Rapidly evolving technology, regulatory constraints, and relentless pressure to hit short-term financial targets may be hindering firms from making needed investments to upskill their employees. These employees also face critical skills gaps in areas such as empathy, resilience, adaptability, and creative problem-solving. Turnover is a factor as well — firms may resist investing in bespoke training initiatives that increase the market value of their people, who then leave and take their enhanced skills profile with them. Such programs are expensive and have an uncertain ROI.

COVID-19 has exacerbated the problem by accelerating new consumer behaviours that in turn spur new ways of working. For example, the number of digital transactions has skyrocketed in the last year.7 But firms must transform today to secure a future for tomorrow, and no company or person is immune.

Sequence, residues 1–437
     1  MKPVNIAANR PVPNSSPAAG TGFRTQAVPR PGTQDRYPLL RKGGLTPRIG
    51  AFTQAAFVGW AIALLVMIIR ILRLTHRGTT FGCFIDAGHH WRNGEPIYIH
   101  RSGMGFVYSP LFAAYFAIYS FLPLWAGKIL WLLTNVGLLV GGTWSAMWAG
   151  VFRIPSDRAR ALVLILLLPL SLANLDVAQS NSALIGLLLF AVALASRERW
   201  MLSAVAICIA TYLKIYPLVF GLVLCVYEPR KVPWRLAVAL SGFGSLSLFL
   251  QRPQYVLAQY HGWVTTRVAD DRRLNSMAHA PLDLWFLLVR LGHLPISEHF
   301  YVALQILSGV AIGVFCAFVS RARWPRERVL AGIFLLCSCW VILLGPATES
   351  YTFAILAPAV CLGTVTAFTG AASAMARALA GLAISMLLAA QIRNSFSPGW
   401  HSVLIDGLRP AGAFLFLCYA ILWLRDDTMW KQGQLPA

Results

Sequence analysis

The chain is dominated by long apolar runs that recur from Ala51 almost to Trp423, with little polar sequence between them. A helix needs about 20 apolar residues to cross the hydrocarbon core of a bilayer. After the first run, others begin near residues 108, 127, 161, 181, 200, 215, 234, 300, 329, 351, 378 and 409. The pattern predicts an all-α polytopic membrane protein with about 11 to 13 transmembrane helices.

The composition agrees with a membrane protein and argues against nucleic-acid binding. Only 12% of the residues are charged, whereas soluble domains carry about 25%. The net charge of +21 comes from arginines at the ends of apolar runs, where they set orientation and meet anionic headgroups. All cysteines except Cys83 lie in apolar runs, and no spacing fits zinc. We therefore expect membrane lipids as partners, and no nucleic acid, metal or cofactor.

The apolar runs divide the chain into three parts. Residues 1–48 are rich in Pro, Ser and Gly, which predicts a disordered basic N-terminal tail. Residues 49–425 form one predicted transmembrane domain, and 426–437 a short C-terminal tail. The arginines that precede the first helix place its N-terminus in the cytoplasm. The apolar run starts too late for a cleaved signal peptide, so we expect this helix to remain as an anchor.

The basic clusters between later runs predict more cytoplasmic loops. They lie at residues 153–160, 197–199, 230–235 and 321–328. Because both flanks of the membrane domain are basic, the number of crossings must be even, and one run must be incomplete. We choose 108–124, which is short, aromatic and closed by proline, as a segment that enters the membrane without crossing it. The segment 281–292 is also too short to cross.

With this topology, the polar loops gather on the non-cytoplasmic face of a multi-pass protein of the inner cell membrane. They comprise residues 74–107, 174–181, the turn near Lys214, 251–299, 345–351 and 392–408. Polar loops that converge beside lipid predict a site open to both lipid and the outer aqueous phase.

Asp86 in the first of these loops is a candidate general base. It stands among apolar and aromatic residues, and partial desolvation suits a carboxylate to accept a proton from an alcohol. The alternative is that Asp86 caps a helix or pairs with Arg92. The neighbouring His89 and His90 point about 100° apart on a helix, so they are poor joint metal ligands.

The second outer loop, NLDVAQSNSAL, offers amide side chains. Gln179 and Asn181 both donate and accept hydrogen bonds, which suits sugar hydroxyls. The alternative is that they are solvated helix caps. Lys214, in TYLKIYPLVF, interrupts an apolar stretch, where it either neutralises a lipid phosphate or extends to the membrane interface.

The challenge to upskill so many people is so significant that firms may not be able to solve it by working independently — though many have started that journey. For example, in 2017, Citigroup announced a partnership with Cornell Tech to develop digital talent in the New York City labour market.8 But a market-based, go-it-alone approach may be too slow, or risk leaving small firms behind. It behooves industry-wide associations and trade groups to create the right foundation to help all firms in a country to close the skills gap, leading to faster progress at a sector level.

Setting a good example

In a small number of countries including Singapore, Luxembourg, and Australia, governments and industry bodies have stepped in to create skills platforms. They offer a model for how other countries can take similar steps.